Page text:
Filthy Friends Are More Than a Side Project for R.E.M.'s Peter Buck and Sleater-Kinney's Corin Tucker

John Clark
Filthy Friends

Say what you will about Filthy Friends, the band fronted by Sleater-Kinney singer/guitarist Corin Tucker and former R.E.M. guitarist Peter Buck, but don't call it a side project.

With Emerald Valley, the band's second album out Friday (May 3), Buck and Tucker have upped their commitment to the outfit, which also includes bassist Scott McCaughey, guitarist Kurt Bloch and drummer Linda Pitmon, who replaced Bill Rieflin following the release of Invitation, the band's 2017 debut. The band kicks off a month-long tour on May 9 in Seattle.

"Our plan is for it to be an ongoing real band just like every other band and when we work together, it's not a side project," Buck insists, adding that sort of dedication to a group is nothing short of life saving. "It's what saved my life when I was a kid, saved my life when I was in my forties and saves my life right now."

Since R.E.M. amicably disbanded in 2011, Buck has been involved in several musical endeavors, including Arthur Buck, an ongoing collaboration with singer-songwriter Joseph Arthur that shares several band members with Filthy Friends, McCaughey's The Minus Five and other projects.

For Tucker, who remains a member of the ground-breaking trio Sleater-Kinney -- which reunited in 2014 following a six-year hiatus -- Filthy Friends offers a unique experience. "It's a really different band for me than Sleater-Kinney and I think that's good," she says. "I don't think it would make me grow if I were in two bands that were really similar.

"There's a different task for me in Filthy Friends," she adds. "It's really being the main storyteller. There's a lot for me to do in that role that's really enjoyable and really different."

In that capacity, Tucker takes a decidedly more political and socially conscious turn on Emerald Valley, tackling such issues as climate change in the title track, Donald Trump in "November Man," fossil fuels in "Pipeline," gentrification in "One Flew East" and poverty in "Last Chance County."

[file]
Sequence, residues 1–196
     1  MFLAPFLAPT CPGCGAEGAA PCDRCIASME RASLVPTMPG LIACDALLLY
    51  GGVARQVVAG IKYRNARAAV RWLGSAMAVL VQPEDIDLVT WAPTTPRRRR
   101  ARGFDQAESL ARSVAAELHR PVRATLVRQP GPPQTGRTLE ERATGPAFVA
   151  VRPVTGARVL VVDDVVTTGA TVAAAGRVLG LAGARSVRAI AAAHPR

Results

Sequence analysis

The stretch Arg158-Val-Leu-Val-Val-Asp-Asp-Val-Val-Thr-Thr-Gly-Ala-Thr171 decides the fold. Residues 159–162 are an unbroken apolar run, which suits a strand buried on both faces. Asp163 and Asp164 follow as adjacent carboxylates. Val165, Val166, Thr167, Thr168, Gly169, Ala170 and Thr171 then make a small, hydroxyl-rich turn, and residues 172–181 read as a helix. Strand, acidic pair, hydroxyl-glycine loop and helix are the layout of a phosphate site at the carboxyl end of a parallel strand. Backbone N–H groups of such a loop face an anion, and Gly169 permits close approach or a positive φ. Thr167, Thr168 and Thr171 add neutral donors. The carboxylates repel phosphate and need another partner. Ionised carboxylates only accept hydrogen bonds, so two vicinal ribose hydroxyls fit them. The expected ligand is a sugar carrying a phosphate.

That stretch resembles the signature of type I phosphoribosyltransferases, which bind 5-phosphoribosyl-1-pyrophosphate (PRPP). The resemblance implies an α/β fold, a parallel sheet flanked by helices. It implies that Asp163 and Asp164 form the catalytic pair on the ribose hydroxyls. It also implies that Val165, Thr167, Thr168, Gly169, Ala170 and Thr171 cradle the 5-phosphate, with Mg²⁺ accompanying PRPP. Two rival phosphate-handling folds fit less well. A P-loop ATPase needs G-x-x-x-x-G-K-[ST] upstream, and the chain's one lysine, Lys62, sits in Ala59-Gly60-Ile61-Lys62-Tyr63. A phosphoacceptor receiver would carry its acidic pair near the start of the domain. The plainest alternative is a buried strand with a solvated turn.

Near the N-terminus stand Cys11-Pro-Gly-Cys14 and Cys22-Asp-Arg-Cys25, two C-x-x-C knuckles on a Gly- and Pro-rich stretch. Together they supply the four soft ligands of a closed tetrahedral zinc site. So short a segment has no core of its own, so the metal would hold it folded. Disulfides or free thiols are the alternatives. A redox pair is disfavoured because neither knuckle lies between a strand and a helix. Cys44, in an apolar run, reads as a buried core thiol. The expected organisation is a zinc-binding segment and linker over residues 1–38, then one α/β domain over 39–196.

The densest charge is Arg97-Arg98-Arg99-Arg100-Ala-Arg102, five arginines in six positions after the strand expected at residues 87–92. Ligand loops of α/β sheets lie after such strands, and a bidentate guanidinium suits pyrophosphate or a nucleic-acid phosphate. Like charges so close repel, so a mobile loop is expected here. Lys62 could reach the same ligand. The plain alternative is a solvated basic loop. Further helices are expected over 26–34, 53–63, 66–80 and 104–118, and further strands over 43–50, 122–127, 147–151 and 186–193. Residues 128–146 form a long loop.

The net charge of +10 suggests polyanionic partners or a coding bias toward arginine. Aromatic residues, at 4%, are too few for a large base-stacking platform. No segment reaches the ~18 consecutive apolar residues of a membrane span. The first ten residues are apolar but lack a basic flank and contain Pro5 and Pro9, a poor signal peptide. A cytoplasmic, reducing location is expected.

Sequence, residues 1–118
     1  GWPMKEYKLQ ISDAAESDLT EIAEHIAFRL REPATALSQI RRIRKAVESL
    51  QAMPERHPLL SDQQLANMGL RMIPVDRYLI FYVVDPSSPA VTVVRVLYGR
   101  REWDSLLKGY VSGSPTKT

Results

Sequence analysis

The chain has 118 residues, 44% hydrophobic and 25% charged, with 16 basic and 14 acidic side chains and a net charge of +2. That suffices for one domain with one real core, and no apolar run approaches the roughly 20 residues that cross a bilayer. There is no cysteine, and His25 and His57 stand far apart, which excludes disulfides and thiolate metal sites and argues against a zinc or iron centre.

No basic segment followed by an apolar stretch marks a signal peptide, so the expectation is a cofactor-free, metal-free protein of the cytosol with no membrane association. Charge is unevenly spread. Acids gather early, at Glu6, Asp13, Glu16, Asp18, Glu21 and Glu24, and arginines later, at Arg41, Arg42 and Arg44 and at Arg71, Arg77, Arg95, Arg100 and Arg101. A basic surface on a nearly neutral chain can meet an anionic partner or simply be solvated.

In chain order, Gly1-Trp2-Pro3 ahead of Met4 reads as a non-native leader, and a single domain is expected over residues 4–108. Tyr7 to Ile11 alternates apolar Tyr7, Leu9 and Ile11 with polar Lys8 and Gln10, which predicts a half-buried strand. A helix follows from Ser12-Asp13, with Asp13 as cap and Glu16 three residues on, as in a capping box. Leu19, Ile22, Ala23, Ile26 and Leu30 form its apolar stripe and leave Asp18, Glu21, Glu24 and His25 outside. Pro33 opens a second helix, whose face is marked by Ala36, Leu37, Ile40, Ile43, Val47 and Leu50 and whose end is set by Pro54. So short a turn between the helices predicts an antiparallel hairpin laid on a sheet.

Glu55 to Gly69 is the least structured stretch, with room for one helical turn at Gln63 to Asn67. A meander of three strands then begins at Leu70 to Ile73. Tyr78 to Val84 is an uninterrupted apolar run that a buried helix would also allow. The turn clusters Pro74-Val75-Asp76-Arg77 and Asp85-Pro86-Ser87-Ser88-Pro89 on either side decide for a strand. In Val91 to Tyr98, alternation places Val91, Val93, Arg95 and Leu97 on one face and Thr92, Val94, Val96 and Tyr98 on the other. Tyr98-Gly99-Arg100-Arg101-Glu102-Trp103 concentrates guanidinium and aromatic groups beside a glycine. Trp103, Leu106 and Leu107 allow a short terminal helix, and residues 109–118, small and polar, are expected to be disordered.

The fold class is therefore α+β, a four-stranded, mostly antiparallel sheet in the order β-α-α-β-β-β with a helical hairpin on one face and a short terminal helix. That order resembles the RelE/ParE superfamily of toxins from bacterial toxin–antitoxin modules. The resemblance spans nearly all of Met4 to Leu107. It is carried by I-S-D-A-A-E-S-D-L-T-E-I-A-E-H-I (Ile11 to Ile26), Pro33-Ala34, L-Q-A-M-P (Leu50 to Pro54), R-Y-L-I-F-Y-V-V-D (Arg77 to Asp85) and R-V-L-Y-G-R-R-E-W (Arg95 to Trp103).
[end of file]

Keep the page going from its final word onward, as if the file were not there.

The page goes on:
"I don't feel it's as much as a responsibility as it is something that I have a deep desire to do," Tucker says. "Our country, our society and our environment – I feel like we’re really in trouble and really need to do more to address it. I think climate change is a thread that runs through the whole record, because I can't not think about it. Every time I'm called upon to say something that is meaningful, I think that's a thread that comes through the stories of the songs."

For Tucker, it's personal. The album's title, Emerald Valley, is a nickname for Eugene, Oregon where she grew up. Tucker says she's witnessing changes in the area firsthand.

Filthy Friends take aim at Trump in "November Man," but that wasn't Buck's original intent when he started writing the song. "Funnily enough, I didn't know who it was about at first," he says. "I keep guitars all over the house in whatever room I'm in. And I happened to go into a room of the house that had a guitar that was strung with all E strings. I was thinking of a Nick Drake song like 'River Man.' I was strumming these beautiful chords. [And the lyrics were like] 'November man, he's got the answer, November man, he's got the key.' And then it started getting faster and louder and I kept turning the amp up and I was kind of shouting it. Then I realized, 'Now, I know who this song is about.' I showed it to Corin and she completely changed the words, which was great. Hers are far better than mine were, but the idea is we got the November surprise, some of us, and we're living in that world."

For now, Buck is taking a philosophical approach to living in the Trump era. "The thing is, cultural-wise, the way the world is, he's a small part of it and we can do our thing, just as we always have, do the good stuff we can do and this will pass," he says. "I believe that."

Musically, the album includes a mix of jangly rock, high-energy punk and a mournful balladry. "November Man" features a menacing buzz-saw guitar that matches the ominous nature of Tucker's lyrics. "That's Kurt Bloch playing slide guitar through about four different pedals," Buck says. "My guitar is the one that sounds kind of drone-y. I don't use pedals, because Corin and Kurt use pedals, so I just get a sound from the amp. I like that amp sound and they can go to outer space with whatever they've got, but there's one guy kind of holding down the guitar section."

"November Man" goes straight into "Only Lovers Are Broken," which opens with a classic Buck riff that would have been at home on R.E.M.'s 1984 album Reckoning.

While there may be some nods to Buck's former band and Tucker's other group, there are distinct differences with Filthy Friends, both musically and logistically.

"With R.E.M., it used to be six-month tours," Buck says. "I would say I have more time to kind of stretch intellectually, musically and spend less time actually doing it. We make the records in a week and then someone else mixes them and we get out and play 30 shows instead of 130. That in a way makes it more intense. Because every single second you focus. When you're three months into a record, you just kind of forget what you're doing. I do anyway. But with seven days, cutting 14 songs, I know what I'm doing. It's very focused, very intense and very hard work. I prefer that."

Filthy Friends Tour Dates

May 9 - Seattle, WA – Neumos

May 10 - Vancouver, BC - Rickshaw Theatre

May 11 - Portland, OR - Mississippi Studios

May 13  - San Francisco, CA - Swedish American Hall

May 14 - Los Angeles, CA - The Echo

May 17 - Athens, GA - 40 Watt Club

May 18 - Atlanta, GA - The Earl

May 19 - Carrboro, NC - Cat’s Cradle

May 20 - Washington, DC - U Street Music Hall

May 21 - Philadelphia, PA - Johnny Brenda’s

May 23 - Cambridge, MA - The Sinclair

May 24 - Brooklyn, NY - Music Hall of Williamsburg